Collins’s inability to win on the field and the constant rumors and allegations off the field combined to become his ultimate demise. Preserving and repairing the image and integrity of GRC must be Principal Bolen’s first priority.  He is in a new building, with a new board and superintendent.  He is acutely aware of the community’s overwhelming desire and strong commitment to replacing failing programs, leadership and other venues that hold our students back.  This community is greatly invested in the overall improvement of every school in our county.  And they have proven they are in this for the long-haul.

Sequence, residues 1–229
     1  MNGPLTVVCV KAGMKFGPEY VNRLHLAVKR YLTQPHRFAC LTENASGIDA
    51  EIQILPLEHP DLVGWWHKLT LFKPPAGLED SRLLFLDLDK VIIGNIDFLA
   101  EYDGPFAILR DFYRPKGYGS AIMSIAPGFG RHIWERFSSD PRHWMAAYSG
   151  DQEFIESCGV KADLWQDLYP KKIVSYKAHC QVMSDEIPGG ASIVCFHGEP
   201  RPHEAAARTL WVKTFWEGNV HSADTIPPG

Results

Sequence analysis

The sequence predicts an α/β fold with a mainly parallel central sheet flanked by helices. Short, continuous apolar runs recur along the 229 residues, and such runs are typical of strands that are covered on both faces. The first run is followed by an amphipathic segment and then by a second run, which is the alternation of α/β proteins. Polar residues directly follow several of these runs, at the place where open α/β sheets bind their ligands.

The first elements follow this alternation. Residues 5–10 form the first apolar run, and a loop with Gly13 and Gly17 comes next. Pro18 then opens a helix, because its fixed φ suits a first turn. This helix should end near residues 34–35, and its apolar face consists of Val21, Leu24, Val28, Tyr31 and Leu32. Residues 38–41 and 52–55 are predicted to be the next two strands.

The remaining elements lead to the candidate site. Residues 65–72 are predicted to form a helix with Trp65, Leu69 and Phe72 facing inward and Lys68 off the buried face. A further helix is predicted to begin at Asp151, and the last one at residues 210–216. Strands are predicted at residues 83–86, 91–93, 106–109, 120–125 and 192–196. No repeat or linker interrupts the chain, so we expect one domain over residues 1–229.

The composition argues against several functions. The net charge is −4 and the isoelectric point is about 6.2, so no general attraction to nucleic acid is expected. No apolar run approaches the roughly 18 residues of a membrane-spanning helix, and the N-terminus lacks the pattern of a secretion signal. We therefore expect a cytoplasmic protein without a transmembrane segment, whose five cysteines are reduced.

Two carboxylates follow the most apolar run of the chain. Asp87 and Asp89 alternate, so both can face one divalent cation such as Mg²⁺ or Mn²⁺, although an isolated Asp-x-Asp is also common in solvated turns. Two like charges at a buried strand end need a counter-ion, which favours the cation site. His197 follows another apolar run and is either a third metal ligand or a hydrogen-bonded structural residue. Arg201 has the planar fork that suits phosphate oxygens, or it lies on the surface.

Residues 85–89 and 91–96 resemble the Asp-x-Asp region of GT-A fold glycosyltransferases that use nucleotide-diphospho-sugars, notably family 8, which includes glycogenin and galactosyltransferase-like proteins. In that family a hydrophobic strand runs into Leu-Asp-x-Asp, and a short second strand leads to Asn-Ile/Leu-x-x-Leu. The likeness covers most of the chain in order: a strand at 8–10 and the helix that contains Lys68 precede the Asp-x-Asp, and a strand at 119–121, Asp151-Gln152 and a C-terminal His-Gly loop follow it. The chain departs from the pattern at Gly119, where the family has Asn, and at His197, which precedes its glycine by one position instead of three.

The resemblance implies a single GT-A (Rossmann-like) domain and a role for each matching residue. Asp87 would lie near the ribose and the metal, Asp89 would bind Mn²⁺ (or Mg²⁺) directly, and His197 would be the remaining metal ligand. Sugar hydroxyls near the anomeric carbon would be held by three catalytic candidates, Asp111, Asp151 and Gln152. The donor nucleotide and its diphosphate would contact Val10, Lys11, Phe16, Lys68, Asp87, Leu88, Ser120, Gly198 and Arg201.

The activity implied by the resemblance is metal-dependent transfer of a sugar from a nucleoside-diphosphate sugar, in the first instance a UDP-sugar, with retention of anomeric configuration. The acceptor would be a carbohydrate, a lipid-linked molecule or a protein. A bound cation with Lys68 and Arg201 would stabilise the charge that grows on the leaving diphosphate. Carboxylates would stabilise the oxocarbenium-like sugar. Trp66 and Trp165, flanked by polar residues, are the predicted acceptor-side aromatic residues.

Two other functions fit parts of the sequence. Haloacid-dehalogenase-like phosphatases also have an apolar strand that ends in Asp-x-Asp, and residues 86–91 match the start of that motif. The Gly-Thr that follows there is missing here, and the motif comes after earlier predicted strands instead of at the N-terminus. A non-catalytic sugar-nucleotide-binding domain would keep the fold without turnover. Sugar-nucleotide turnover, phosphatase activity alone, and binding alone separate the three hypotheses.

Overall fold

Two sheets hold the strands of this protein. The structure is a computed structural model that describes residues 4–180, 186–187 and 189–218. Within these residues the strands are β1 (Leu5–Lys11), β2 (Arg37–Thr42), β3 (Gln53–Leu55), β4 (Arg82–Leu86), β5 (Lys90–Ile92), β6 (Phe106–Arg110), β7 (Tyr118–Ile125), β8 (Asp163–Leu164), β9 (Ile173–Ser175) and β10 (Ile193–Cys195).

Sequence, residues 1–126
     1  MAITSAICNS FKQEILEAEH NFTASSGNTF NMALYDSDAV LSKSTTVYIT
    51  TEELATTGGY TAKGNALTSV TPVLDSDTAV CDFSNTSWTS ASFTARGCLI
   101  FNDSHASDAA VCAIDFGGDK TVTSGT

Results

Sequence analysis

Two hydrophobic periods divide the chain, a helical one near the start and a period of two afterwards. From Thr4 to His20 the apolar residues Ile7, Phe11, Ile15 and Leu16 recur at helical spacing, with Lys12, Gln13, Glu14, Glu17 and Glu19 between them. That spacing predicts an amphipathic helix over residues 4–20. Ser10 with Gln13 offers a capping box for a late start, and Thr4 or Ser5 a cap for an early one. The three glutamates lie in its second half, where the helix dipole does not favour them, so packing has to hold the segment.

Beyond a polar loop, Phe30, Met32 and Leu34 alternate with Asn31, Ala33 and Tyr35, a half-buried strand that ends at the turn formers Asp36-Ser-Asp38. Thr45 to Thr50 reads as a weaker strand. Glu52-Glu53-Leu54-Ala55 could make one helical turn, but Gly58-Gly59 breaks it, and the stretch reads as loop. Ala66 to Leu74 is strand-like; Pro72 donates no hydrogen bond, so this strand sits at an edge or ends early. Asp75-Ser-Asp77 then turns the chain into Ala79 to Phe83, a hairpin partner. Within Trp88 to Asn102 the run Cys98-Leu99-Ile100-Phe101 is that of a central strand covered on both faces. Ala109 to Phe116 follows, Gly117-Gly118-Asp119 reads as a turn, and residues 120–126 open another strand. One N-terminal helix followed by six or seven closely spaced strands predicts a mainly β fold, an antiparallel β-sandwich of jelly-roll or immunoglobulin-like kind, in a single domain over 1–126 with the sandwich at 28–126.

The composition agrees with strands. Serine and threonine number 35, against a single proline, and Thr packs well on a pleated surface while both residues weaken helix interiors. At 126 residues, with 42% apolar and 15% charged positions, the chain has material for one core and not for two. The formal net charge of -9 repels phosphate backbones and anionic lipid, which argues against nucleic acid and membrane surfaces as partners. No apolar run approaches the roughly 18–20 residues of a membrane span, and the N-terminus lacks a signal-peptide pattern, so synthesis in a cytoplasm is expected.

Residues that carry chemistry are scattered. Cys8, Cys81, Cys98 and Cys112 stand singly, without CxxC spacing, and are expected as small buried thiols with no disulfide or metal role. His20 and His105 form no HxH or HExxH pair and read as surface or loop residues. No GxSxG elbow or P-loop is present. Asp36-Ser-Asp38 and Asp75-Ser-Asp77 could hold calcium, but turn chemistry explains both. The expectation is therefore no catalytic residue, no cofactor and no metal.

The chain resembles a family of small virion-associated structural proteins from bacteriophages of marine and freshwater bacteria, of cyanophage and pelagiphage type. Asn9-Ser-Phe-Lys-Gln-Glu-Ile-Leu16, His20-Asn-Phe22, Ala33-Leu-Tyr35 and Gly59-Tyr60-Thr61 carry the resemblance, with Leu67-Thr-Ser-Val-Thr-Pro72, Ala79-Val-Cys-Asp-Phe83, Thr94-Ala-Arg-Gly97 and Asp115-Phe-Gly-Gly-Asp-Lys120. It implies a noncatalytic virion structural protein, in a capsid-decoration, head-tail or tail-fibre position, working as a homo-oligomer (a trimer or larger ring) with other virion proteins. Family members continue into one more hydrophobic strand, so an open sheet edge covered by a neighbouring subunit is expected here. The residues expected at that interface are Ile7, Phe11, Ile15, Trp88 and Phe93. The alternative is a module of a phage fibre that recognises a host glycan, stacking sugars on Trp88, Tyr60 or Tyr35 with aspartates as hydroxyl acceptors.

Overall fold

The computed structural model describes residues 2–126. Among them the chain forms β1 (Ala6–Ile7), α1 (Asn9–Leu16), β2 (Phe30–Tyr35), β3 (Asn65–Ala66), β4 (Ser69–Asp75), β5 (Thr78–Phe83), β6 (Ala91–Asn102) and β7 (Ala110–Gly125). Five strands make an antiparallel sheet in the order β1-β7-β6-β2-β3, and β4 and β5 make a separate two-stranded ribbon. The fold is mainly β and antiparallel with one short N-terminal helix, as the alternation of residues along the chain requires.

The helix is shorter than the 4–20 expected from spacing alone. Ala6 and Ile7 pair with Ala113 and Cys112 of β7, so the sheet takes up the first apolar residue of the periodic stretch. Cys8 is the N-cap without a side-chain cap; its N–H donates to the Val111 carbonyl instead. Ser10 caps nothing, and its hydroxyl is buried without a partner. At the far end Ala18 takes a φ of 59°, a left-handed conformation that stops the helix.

It should never be underestimated what a grass roots effort of a very concerned community is willing and capable of doing for the benefit of our students.  Stand Up Clark County for giving ample opportunity but never being willing to settle for second best.

(Once again, I must remind all readers that this blog is considered an opinion piece.)

CNN iReport

Posted in Uncategorized with tags , , , , , on May 15, 2013 by Joan Graves

CNN iReport

As requested I’m posting the link to my CNN iReport. After you read it don’t forget to recommend it. If enough people click the button for it to be on CNN they will do an on air broadcast about it. National exposure could mean a huge difference in how the facilities plan plays out.  

New Elaine Farris Video

Posted in Board of Education (General) with tags , , , on October 21, 2012 by Joan Graves